W3C home > Mailing lists > Public > www-style@w3.org > January 2008

Re: flowing around both sides of a float

From: James Elmore <James.Elmore@cox.net>
Date: Sun, 6 Jan 2008 20:01:00 -0800
Message-Id: <01D82FE2-62B2-4179-A34D-1941A5788ADF@cox.net>
Cc: WWW Style <www-style@w3.org>
To: Brad Kemper <brkemper@comcast.net>

On Jan 6, 2008, at 1:22 PM, Brad Kemper wrote:
>
> People may have a hard time coming up with printed, published  
> examples of two sided floats that are not in columns, but that is  
> largely due to the fact that most newspapers and magazines are  
> arranged in columns of some sort. But a Web page is not the same as  
> a static piece of paper, as I suspect even David would agree. Paper  
> cannot have a fluid design, and columns (other than those that  
> define page divisions, like sidebars and navigation bars) can cause  
> problems on screen when the text gets so long that it requires re- 
> scrolling from the bottom to the top of each column.
>
> Since the conversation has largely ignored the fact that floats in  
> Web pages are, probably more often than not, used for things other  
> than pull quotes, I have put together a fictional Web page to show  
> how a positioned float (or positioned element with "wrap", or a  
> "free" floated element) could lead to creative possibilities that  
> are not currently possible with CSS.
>
> This is a liquid layout, so feel free to try it in different window  
> sizes (it can be made very narrow). Right now, the positioned  
> elements just overlap and cover up the text, but with some sort of  
> positioned float, the idea is that the floats would split each line  
> in two, rather than just overlapping:
>
> http://bradclicks.com/cssplay/centerfloat.html
>

Nice example, Brad.  What about an example where the graphics aren't  
in the center? (Sorry, but my artistic skills are so limited my kids  
won't let me color in their coloring books because I can't stay  
inside the lines; I can imagine, but not produce.) For example, I am  
imagining a page similar to the one you produced, but about a  
waterfall or stream. The text is most probably in one column, but  
doesn't have to be. The graphics, however start at the top, near the  
left margin (but leaving some room for text), run down in a  
waterfall, cross the middle of the screen in a small river, and drop  
off into a second waterfall near the right margin.

This would be a wonderfully expressive layout to talk about water,  
much as your example shows nicely the running, dripping water.

As another thought, many children's books have lots of images in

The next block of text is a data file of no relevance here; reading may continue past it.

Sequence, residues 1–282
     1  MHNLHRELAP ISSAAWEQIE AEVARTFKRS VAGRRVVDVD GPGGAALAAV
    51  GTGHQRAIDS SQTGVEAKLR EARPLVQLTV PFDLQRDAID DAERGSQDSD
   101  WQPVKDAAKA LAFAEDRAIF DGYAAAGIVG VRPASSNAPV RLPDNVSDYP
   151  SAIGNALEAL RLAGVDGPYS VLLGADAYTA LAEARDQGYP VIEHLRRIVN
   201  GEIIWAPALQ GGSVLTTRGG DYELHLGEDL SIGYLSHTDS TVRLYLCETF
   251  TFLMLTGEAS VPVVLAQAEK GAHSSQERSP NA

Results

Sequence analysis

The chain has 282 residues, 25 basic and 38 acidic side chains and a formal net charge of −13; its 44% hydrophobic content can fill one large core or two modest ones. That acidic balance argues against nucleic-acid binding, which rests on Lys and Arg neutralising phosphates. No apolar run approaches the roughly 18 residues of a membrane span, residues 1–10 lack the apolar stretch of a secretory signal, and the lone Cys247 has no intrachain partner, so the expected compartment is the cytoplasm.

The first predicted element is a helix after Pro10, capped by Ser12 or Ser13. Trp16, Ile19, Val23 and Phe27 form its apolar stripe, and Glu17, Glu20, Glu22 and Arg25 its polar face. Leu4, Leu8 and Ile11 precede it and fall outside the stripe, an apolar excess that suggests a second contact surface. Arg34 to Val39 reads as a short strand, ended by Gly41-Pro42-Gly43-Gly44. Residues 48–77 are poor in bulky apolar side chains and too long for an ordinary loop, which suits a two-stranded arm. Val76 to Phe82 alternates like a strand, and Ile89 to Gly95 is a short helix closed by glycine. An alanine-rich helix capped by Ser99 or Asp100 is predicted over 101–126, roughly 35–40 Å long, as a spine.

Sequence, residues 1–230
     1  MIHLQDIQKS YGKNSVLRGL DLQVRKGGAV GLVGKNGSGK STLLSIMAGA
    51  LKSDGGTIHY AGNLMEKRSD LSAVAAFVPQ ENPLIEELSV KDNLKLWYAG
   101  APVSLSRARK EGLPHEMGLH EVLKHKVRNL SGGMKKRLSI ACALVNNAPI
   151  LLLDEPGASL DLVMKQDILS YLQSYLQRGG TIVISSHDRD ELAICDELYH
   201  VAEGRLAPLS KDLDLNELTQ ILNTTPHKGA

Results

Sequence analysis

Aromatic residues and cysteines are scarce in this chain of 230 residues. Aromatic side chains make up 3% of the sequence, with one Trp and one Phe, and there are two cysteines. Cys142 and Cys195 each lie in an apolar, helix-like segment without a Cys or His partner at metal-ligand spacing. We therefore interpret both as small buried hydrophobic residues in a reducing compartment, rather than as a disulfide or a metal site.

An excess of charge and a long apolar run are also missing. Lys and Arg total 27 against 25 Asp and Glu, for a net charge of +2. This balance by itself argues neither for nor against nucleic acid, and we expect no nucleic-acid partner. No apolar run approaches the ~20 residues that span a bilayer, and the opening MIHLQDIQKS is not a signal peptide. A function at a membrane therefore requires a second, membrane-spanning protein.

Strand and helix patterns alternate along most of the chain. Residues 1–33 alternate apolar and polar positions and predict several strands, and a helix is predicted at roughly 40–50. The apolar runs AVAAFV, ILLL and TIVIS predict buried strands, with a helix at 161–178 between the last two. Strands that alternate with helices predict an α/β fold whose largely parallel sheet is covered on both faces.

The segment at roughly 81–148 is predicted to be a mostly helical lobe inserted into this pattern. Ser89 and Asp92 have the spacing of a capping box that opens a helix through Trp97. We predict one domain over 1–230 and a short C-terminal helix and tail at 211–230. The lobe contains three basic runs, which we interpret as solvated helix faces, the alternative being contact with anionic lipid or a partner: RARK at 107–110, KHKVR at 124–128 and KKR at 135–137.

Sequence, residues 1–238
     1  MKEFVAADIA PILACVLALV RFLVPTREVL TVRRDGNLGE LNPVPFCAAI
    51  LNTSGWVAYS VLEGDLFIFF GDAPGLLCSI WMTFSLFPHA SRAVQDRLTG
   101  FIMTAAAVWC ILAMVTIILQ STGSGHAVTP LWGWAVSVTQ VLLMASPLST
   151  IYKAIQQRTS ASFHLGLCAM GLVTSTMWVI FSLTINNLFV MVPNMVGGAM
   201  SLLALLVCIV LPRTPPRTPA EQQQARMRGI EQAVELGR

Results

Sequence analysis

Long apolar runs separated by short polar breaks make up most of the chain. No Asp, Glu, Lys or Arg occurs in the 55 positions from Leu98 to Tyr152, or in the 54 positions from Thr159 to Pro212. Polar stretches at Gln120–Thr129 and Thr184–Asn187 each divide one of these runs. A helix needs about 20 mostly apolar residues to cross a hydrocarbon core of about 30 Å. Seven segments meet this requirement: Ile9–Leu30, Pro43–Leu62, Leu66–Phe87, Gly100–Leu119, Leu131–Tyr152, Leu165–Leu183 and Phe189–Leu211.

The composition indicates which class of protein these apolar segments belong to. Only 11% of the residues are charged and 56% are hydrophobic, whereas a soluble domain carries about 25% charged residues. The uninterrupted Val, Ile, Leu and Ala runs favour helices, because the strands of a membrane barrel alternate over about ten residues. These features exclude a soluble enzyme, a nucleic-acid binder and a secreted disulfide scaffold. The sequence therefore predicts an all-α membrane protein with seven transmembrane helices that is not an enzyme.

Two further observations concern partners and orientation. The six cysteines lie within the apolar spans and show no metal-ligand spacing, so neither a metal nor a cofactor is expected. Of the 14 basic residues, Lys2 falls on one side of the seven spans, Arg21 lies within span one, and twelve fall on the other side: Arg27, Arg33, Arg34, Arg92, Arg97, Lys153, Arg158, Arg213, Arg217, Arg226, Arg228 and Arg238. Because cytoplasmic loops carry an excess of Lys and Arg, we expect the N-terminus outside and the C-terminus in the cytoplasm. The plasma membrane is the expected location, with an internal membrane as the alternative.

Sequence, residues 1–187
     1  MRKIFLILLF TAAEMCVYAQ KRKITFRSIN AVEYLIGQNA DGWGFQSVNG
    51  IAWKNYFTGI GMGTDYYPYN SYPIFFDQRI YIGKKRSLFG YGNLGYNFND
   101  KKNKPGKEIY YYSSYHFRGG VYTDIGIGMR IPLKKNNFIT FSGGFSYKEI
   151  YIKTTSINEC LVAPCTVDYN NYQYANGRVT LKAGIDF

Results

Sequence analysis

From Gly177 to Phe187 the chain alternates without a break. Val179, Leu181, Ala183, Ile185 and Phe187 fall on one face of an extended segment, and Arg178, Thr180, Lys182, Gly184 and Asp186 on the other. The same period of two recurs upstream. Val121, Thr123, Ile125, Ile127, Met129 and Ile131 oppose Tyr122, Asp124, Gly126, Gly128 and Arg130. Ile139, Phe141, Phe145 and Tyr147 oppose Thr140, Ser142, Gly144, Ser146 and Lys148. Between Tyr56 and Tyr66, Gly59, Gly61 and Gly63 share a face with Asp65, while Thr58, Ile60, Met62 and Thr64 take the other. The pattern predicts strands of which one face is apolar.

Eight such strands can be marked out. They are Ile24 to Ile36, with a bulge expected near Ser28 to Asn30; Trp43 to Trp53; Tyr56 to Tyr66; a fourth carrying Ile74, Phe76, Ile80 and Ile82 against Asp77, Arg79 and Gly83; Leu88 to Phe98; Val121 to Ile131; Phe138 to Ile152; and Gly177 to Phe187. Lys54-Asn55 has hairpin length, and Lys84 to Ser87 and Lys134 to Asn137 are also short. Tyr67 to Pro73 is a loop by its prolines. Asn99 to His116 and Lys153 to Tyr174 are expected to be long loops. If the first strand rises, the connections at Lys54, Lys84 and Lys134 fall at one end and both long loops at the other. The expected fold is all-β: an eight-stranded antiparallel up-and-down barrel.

various places on the page, surrounded by limited text. (I am  
thinking of early reader books.) Perhaps someone has access to some  
examples from their children's books which would show how useful  
floats can be when they are not limited to just left and right  
margins and to the imaginations of people who write computer manuals.  
(If that sounds like an insult to computer manual writers, I  
apologize deeply. I also write computer manuals at times, and they  
tend to get me into a very limited mind set.)

> You need not like the design in order to appreciate how a  
> positioned float would open up new creative possibilities.
>
> To those who think Web pages should only use the browser's default  
> style sheets, and abhor the idea of pages with creative designs, or  
> who think the Web would be better if all pages resembled the way  
> they looked in 1993: you need not comment, as I already know you  
> won't like it.
>
>> I have a suspicion that the only time I've seen displays centred  
>> within a column, they have have not had rectangular outlines.
>

This brings up another topic I would like to discuss and promote --  
blocks with non-rectangular edges. Starting with simple layouts, like  
wrapping text around non-rectangular floats, and moving on to  
'tiling' where all blocks fit together, but don't have rectangular  
edges. If users could specify how the blocks tessellate -- fit  
together -- even though the edges aren't all vertical/horizontal,  
then CSS could place the blocks automatically, accounting for the  
width of the window, etc. Just as current blocks are tiled, except  
now the default is rectangles.

I can hear the screams already -- we've never done that before! It  
runs counter to the basic definition of HTML and CSS! (Only because  
the basic definition PRESUMES that blocks are rectangular.) Sigh!  
well -- one fight at a time.

Happy three kings day,

James Elmore
Received on Monday, 7 January 2008 04:01:13 GMT

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